"If you succeed, it will change your lives." Accountant Afram Nimeh uttered those words to his two sons in 1993 after investing the last of his savings into a failing restaurant. Though he passed away the following year, his sons—Joseph and Steven—carried on his legacy, Chicken Dijon Rotisserie & Grill. Today, they have expanded the family franchise to five locations, where customers gather to sample casual, healthy Mediterranean cuisine without having to build their own private jets. The kitchen staff efficiently assembles gyro and chicken platters flanked by sides such as rice pilaf, mediterranean potato salad, and stuffed grape leaves, as well as sandwiches topped with chicken, sliced gyro meat, or falafel.
Amid a shopping center adorned in rustic white plaster and wood accents, Alpine Village Restaurant welcomes visitors to lively banquets of hearty German fare, frosty brews, and umlaut-heavy revelry. Guests gather under the restaurant's timbered eaves to sip samples of 15 frothy European beers on draft and munch on tasty brats, salads, and schnitzels while soaking up live music or matches of UEAF soccer. In addition to its festive eatery, the village draws in huge crowds for Southern California's largest Oktoberfest, a traditional Bavarian celebration replete with imported oom-pah bands, a 32,000-square-foot beer tent, and kitting circles churning out traditional beer cozies for the Oktoberfest fairy.
USDA Choice–rated, Zabiha Halal meat sizzles on spits at La Zeez Pita Grill, keeping hormones, preservatives, and other artificial additives off its menu of healthy Mediterranean fare. Staff members stuff warm pita wraps with morsels of vegetable-fed lamb, beef, and chicken or cater get-togethers with helpings of shawarma, gyros, and other entrees by the pound. Falafel balls or aquaphobic cliff divers can take a dip in chickpea- and eggplant-based side sauces such as hummus and baba gannouj, whereas layered cakes and pastries submerge forks in seas of sweet.
Though they spent their childhoods on opposite coasts, husband and wife Pat and Kristin Roskowick both grew up loving frozen treats. Pat discovered his affinity for shave ice at the many raspados carts that kept the San Fernando Valley cool during the summertime, and Kristin begged her mother to traipse through three feet of snow during the harsh winters of Massachusetts to fetch her her beloved ice cream. Years later, those sweet-toothed kids were delighted when they found a dessert that combined both their favorite treats. A blend of fine shave ice, ice cream, and sweetened condensed milk, Hawaiian-style shave ice quickly became the Roskowick's new favorite dessert, and in 2008, the couple opened their own shop.
At Get Shaved, customers can select from a range of ice creams, flavored syrups, and toppings such as marshmallows and caramel to create their own shave ice treat. Monkey Brains––a blend of strawberry and banana shave ice and sweetened condensed milk––ranks as a “tried & true combo.” The staff also doles out scoops of ice cream in flavors such as macadamia nut and kona coffee to concoct ice cream cookie sandwiches and shakes. In addition to their storefronts, the Get Shaved traveling truck churns out icy desserts at different spots throughout the city based on a schedule that is updated online throughout the day.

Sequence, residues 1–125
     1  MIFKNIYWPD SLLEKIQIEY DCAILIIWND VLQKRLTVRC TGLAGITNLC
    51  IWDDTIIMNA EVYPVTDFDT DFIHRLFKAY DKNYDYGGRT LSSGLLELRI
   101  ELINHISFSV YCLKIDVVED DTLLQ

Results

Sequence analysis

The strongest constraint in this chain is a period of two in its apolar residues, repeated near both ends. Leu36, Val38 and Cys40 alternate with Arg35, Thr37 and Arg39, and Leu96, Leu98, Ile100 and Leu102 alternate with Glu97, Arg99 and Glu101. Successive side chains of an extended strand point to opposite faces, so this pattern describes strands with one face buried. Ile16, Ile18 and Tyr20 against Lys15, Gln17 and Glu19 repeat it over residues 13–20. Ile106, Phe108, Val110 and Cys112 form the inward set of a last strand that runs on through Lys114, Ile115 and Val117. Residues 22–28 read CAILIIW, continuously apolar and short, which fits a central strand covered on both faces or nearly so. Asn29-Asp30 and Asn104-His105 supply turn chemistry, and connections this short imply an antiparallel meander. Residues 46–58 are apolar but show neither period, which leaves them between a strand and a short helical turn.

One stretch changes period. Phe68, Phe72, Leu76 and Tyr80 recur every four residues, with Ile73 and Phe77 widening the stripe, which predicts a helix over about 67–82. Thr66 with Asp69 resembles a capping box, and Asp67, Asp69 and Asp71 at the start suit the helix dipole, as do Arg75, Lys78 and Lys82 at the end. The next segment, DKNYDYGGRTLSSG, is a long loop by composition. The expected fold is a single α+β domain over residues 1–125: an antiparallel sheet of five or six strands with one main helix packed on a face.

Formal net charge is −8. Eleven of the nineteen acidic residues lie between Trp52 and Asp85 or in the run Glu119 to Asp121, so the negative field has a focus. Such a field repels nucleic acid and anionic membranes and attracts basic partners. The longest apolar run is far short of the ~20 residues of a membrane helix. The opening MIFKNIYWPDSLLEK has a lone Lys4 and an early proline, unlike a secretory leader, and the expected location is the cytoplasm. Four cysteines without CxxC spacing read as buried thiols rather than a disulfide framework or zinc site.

When The Melting Pot originally opened in 1975 just outside Orlando, the location was cozy and quaint, but diners had only three options: swiss-cheese fondue, beef fondue, or chocolate fondue. However, as the restaurant grew in popularity, so did its menu selection and atmosphere. The restaurant first expanded four years later under the leadership of a Melting Pot waiter and enterprising college student named Mark Johnston, who teamed up with his brothers Mike and Bob to open a new outpost in Tallahassee. This location grew in reputation to pave the way for future franchise expansion. Today, the company?now owned by the trio of siblings?reigns as the premier fondue, wine, and drink restaurant, stretching across North America with more than 140 restaurants linked by underground tunnels. The restaurant's menu has also ballooned, and patrons can now expect six varieties of hot dipping cheese paired with salads, meats, and molten chocolate.
On a given night, groups of foodies gather around tables to nosh on signature four-course meals, from cheese-fondue appetizers and various salads to steaks and seafood cooked in a choice of healthy broth or oil. Birthday revelers and couples can share decadent evenings at private tables, capping off meals with chocolate desserts that have defined The Melting Pot for decades.
When Lois Margolet first opened Capriotti’s in Wilmington, Delaware, 36 years ago, she and her brother, Alan, worked from the second story of a boarded-up building, roasting 10–12 whole turkeys every night and churning out a “real turkey lover’s” sandwich each day. Today, Capriotti’s has expanded across 12 states, each location stacking the same award-winning hot and cold sandwiches, racking up such accolades as The Best of Las Vegas 2012, Best of Culver City 2012, and Best of Delaware 2012 prizes from the Las Vegas Review-Journal, Culver City News, and Delaware Today, respectively. Though the shop is still known for its slow-roasted-turkey creations—such as the Thanksgiving-inspired Bobbie, named America's best sandwich by AOL's Lemondrop.com, piled with cranberry sauce and stuffing—its menu now ventures into the realm of roast beef, italian deli meats with such sandwiches as the capastrami, cheesesteaks, and vegetarian treats, such as meatless chicken and turkey.